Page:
But Christ was redefining the temple. No longer would animal sacrifice need to occur, Christ himself would become the sacrifice to end all sacrifices. No longer would an animal be sacrificed on the hope that the sacrifice would be pleasing to God. Christ was the ultimate “Lamb without blemish,” the truly pleasing sacrifice to God. Jesus, in a way that was pretty hard to ignore, was ushering in a new age.
As you continue on your Lenten journey, have you stumbled over some of those things that are getting in your way of finding God? Have you discovered the merchants and moneychangers that prevent you from being in the presence of God? Have you found those things that seem necessary but, in actuality, only preserve your distance from the one thing that is truly important?
Finding these things in your life is one thing, clearing them is another! We can understand the resistance the people had in the temple, we can understand how we would feel if the madman were to rush through the congregation. But we need to realize that the madman is Jesus, the one we claim to follow! The madman is presented as an example for us to follow! The madman gives us an example of how we can start anew.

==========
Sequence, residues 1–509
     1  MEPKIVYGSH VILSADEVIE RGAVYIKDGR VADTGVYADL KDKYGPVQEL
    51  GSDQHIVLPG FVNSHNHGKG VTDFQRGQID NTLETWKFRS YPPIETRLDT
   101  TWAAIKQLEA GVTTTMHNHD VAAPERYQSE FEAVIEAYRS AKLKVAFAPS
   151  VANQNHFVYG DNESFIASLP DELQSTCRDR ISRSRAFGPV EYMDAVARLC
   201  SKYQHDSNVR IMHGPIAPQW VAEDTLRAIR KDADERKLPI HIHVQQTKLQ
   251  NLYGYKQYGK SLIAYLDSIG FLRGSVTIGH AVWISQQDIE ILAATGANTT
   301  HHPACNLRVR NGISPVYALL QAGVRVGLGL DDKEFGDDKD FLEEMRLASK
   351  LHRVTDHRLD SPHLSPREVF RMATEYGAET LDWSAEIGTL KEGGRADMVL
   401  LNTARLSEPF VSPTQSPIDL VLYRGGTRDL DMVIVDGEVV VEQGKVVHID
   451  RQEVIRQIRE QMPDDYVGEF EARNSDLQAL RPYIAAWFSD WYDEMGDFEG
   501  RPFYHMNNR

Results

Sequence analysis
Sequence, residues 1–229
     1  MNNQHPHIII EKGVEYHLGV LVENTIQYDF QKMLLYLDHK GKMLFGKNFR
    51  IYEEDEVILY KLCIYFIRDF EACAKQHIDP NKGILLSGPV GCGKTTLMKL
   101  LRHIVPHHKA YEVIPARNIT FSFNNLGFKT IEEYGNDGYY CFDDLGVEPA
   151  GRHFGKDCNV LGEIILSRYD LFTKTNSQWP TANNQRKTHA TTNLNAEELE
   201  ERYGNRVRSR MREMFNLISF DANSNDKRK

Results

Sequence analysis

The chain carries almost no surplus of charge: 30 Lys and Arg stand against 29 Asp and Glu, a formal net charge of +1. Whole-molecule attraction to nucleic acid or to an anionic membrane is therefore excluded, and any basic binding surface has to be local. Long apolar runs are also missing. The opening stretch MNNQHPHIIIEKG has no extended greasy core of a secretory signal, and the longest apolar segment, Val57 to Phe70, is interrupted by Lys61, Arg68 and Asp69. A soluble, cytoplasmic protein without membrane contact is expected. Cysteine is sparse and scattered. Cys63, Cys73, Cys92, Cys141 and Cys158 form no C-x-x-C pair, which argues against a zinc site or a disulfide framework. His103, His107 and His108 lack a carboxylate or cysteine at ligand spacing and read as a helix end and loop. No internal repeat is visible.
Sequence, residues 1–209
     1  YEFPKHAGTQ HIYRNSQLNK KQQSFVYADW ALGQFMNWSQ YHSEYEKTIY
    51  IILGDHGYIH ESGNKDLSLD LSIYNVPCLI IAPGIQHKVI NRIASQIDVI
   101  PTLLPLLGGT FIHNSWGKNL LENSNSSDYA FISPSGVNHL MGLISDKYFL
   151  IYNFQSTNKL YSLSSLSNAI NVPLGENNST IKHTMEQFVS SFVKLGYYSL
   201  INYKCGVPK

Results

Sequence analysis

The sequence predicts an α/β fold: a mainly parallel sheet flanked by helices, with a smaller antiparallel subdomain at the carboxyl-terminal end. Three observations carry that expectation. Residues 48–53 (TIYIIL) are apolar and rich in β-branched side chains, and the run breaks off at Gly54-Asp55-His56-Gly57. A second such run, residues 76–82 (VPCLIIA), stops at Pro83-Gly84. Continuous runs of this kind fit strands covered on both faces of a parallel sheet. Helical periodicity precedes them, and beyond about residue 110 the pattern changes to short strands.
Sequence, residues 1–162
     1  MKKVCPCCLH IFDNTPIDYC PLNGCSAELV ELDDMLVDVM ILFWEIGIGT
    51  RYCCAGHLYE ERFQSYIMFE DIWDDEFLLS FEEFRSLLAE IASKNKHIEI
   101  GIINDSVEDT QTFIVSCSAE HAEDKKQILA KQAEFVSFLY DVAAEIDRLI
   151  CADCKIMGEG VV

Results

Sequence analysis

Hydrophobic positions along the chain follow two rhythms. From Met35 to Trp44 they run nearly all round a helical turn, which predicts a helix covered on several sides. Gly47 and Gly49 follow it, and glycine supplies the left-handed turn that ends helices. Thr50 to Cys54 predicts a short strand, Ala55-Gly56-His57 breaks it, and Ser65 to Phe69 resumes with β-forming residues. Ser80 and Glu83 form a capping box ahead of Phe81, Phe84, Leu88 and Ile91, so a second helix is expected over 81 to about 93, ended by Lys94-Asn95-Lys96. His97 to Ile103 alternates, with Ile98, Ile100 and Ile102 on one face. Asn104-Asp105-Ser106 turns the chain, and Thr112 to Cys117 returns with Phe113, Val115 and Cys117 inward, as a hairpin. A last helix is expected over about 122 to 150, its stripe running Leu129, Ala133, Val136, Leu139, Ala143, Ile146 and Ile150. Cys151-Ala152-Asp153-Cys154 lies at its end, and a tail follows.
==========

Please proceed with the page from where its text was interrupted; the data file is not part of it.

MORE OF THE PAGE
Now this can be scary, Jesus is running through the temple doing a fair amount of damage. We may not really want to have this kind of damage done to us! How can this be helpful? The one thing that we need to remember that Jesus is NOT destroying the temple, he is clearing the things that are getting in the way; he is clearing the things that are preventing the temple from functioning properly. When Jesus comes to help us clear the temples of our lives, it may feel like our lives are being destroyed. While thinking about this, we need to realize that Jesus did not hate the temple, and Jesus does not hate us. In trying to clear the temple, Jesus was returning it to its true purpose. In clearing our lives, Jesus is once again trying to return us to our true purpose. Just like we may not understand and fear the madman in the temple, we may be confused by the actions of Jesus in our lives. But considering this seeming madman is our loving lord and savior, this clearing is only for the best.